Glenshee is a magical place with a rich history, and for a thousand years has been Scotland’s hidden route north to the Highlands. Lying in the extreme north-east corner of Perthshire, Glenshee takes its name from the Gaelic word shith, signifying ‘fairies’. Until the old tongue died out in the late 1800’s the inhabitants were known as Sithichean a’ Ghlinnshith - ‘The Elves of Glenshee’. The Glen’s ancient meeting place behind the kirk was called Dun Shith (Hill of the Fairies) and is still dominated by a standing stone from the Bronze age. The Coire Shith or Fairy Burn, plunges down the side of Ben Gulabin, the mountain commanding the head of Glenshee and adds still more weight to the glens fairy past. In the 1820’s there existed at the Spittal of Glenshee, a Chapel of Ease many centuries old. When the church was to be re-built some distance further down the glen, the workman woke each morning to find the foundations dispersed and tools scattered. After several unsuccessful attempts and much discussion with the locals, it was decided not to antagonise the fairies further and to build the new church where it had always been! It is said the fairies soon decide whether visitors are welcome or not, and that those accepted will continue to return to the glen for the rest of their lives.
Legends and facts mingle together in Glenshee to form a myriad tapestry typical of Scotland’s ancient past. The earliest reference to Glenshee is the legend of Dermid and the Wild Boar from the Dark Ages when the region was renowned for its hunting. Grainne, wife of the noble Fingal became infatuated with her nephew Dermid, a famous warrior. Fingal, learning of this, arranged for Dermid to hunt a wild boar which had been terrorising Glenshee from its home on the slopes of Ben Gulabin. Although Dermid fought bravely and killed the boar, the jealous Fingal demanded a careful measurement of the huge animal. In doing so, Dermid was fatally poisoned by sharp bristles which pierced his foot and was refused treatment by Fingals physician. To the east of the Spittal of Glenshee lies the 4 Poster, a large elevated barrow looking down Glenshee with four standing stones on top. Here Dermid was buried along with Grainne, who on hearing the news flung herself upon an arrow to join her lover.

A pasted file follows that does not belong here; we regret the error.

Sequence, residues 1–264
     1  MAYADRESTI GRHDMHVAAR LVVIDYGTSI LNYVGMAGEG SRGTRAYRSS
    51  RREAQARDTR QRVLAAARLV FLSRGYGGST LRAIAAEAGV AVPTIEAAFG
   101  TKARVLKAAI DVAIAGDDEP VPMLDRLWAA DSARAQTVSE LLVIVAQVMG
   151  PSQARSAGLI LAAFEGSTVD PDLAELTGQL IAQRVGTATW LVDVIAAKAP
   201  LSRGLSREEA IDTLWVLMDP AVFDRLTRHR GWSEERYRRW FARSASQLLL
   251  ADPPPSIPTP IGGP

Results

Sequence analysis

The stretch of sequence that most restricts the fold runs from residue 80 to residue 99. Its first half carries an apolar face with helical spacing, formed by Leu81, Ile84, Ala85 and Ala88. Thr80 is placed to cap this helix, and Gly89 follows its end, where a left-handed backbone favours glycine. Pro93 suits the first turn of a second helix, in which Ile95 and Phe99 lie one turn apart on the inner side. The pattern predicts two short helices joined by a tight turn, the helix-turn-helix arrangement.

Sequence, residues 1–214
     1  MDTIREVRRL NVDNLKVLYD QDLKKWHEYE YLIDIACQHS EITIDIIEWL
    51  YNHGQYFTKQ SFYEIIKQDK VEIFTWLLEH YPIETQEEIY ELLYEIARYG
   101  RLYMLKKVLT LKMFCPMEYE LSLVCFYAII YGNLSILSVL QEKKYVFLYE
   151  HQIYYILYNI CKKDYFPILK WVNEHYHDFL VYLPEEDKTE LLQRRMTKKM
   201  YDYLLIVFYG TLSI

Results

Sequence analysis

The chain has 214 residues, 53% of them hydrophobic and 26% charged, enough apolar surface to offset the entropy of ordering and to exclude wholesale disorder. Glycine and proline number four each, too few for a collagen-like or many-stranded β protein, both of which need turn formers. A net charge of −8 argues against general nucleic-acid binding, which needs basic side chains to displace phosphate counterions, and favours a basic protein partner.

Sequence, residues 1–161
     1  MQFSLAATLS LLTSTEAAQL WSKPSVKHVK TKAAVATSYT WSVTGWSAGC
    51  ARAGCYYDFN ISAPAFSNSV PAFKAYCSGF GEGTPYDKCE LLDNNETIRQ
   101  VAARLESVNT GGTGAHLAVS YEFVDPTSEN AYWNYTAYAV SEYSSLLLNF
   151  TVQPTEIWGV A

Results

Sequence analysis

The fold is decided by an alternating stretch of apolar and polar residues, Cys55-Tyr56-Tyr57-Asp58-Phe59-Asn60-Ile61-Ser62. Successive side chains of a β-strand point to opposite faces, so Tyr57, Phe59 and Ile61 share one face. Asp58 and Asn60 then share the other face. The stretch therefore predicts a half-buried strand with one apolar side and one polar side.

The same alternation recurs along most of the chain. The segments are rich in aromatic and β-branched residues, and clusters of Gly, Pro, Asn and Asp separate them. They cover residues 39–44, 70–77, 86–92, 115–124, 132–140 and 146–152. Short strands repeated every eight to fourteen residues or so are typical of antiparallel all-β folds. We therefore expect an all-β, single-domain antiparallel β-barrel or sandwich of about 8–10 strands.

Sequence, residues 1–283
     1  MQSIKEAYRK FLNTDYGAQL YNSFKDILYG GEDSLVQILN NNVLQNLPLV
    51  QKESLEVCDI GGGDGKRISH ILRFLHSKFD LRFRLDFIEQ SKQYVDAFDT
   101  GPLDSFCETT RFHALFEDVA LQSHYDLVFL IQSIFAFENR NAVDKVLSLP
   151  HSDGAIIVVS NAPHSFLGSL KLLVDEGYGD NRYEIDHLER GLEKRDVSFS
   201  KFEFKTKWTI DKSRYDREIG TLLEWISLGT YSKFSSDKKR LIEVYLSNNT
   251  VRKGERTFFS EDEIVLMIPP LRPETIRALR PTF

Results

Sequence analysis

For centuries after this event, Glenshee formed the route north from the lowlands to Upper Deeside through Scotland’s highest mountain pass. Today this is still Scotland’s highest road.
Today the visitor can find evidence of Glenshee’s long history all around them. They can wander over sites millennia old, admire the castles and lodges, gaze at the settlement ruins of those who left for the New World, trace the lines of dry stone walls built by unknown hands, or perhaps follow the Cateran’s paths.
But the visitor must beware….if the fairies like you, and cast their spell, then you will be forced to always return to our enchanted glen.
Glenshee, glen of the fairies.